I know there are a lot of leaders out there who made new year’s resolutions that they would empower more people on their team this year. Unfortunately, I can predict that the vast majority of those resolutions have gone nowhere.
But that’s the nature of resolutions. If they really worked, we’d all be 20 pounds lighter and watch less TV. Still, it’s worth looking at why the team-empowering resolution, which should be an easy one to follow through on, falls short.
Basically, empowering others involves taking a piece of our power and giving it to them. Why do so few of us do that effectively? Why is it so hard to take even just a sliver of this thing that we possess and have responsibility for and trust it to someone on our team?
The answer lies in the way some leaders look at power. They see it as a zero sum game. In other words, any power that they cede to people on their team is power lost to them. But that’s the wrong view. Giving power to others may raise them, but it doesn’t lower you.
More often, the opposite is true. As a leader, if you are seen to be in charge of an empowered, confident team, the chances are your organization will accord you even more power and authority. If you run a team that can’t handle even small actions or decisions without consulting you, the team doesn’t look good, and neither do you.
I recently sat down with a client who is a top executive at a financial institution. He told me that based on my advice, he had empowered his team. Well, almost. He had given them the power, but they hadn’t fully accepted it.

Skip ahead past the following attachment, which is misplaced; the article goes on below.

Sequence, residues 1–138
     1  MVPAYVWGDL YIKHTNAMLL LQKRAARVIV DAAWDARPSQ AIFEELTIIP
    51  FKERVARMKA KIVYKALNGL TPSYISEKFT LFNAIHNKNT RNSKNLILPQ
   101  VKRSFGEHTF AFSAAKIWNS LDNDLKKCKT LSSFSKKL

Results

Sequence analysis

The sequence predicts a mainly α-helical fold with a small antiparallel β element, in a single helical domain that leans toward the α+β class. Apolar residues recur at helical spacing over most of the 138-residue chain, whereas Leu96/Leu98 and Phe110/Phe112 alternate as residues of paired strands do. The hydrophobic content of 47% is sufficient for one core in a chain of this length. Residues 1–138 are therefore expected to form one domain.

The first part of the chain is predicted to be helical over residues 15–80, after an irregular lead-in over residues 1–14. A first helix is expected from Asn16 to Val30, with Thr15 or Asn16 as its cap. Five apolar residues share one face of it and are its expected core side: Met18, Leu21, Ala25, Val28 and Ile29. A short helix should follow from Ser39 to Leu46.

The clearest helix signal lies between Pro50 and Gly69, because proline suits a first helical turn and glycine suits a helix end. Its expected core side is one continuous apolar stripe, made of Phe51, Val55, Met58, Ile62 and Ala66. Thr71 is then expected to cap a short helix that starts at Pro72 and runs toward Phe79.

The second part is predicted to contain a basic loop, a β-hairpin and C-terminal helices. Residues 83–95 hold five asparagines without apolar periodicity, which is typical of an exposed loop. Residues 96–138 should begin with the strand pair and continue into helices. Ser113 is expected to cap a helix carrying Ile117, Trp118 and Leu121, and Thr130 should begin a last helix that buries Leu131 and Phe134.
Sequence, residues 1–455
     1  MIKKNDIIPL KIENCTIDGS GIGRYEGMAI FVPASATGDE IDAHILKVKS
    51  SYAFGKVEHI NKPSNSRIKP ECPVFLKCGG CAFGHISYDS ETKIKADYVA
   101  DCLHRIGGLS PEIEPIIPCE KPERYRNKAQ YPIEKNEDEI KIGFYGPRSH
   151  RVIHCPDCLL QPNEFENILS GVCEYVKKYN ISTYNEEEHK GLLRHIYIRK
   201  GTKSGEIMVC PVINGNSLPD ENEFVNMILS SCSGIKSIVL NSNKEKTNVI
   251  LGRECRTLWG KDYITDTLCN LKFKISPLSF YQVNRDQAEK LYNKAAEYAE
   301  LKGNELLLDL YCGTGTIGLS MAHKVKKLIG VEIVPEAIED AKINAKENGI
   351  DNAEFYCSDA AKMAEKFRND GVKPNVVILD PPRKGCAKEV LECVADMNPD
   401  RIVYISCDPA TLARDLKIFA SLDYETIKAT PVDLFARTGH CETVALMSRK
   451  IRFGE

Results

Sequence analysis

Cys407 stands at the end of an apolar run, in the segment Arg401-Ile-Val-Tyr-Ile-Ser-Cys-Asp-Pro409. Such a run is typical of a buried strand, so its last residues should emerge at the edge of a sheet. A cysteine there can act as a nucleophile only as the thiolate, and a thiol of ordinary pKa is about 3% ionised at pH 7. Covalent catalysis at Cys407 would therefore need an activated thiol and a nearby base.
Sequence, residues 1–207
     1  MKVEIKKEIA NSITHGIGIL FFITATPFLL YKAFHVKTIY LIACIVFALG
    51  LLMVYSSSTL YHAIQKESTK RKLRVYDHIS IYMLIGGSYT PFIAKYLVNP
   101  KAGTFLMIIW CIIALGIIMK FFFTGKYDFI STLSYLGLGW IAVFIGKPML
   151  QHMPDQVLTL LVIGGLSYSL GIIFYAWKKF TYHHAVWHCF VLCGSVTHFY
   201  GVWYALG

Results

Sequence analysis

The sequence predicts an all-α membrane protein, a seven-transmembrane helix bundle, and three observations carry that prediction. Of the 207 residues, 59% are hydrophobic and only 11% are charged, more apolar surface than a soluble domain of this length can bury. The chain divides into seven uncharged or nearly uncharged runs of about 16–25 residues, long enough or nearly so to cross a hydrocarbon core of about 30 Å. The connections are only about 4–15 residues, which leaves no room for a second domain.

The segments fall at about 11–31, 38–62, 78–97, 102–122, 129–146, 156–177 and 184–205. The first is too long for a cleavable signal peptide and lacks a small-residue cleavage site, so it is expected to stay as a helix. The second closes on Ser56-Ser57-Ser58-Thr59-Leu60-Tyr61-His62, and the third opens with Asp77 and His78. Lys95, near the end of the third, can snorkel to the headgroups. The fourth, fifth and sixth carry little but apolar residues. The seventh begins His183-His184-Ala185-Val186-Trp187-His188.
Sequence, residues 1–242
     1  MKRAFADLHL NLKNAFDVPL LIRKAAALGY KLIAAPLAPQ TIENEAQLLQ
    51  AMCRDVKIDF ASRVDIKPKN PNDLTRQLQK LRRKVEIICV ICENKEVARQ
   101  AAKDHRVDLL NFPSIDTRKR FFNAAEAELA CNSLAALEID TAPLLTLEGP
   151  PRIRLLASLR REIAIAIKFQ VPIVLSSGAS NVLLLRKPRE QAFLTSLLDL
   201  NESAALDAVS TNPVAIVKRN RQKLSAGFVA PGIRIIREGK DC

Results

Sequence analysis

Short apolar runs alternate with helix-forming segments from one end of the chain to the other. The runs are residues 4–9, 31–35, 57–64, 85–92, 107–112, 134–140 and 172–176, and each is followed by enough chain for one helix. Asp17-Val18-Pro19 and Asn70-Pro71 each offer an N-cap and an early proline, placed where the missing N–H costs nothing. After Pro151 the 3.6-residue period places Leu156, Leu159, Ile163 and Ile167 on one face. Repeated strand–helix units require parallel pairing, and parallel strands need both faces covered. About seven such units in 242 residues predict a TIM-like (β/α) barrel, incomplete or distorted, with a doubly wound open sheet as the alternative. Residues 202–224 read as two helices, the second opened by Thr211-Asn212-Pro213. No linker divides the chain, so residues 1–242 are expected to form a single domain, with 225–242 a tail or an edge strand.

“I told them in a meeting the other day that I didn’t see any of them pushing that power,” he related to me. “That no one had in any way pushed the limits of the authority I gave them, and that told me that they weren’t taking advantage of the power opportunity.”
He challenged his team members to expand the bounds of that power. To think of and implement changes that will help the organization progress, achieve greater growth, reduce costs, and solve problems.
He’s going to have to keep after his team to be sure they follow through. The problem may be that the team may have worked too long in an empowerment-free culture, and it might take time for them to adapt to thinking, and acting, on their own. He will have to continue to lead them to full empowerment.
John Maxwell wisely observes that it is only secure leaders who empower others. I urge you to be that secure leader. Share some of your power with others, make sure they take advantage of it, and you will see positive changes in your organization that will benefit you and everyone who works with you.